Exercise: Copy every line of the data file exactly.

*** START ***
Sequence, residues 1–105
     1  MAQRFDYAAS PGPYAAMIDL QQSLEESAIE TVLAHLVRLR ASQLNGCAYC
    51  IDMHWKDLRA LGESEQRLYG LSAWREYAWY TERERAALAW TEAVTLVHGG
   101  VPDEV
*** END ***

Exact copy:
Sequence, residues 1–105
     1  MAQRFDYAAS PGPYAAMIDL QQSLEESAIE TVLAHLVRLR ASQLNGCAYC
    51  IDMHWKDLRA LGESEQRLYG LSAWREYAWY TERERAALAW TEAVTLVHGG
   101  VPDEV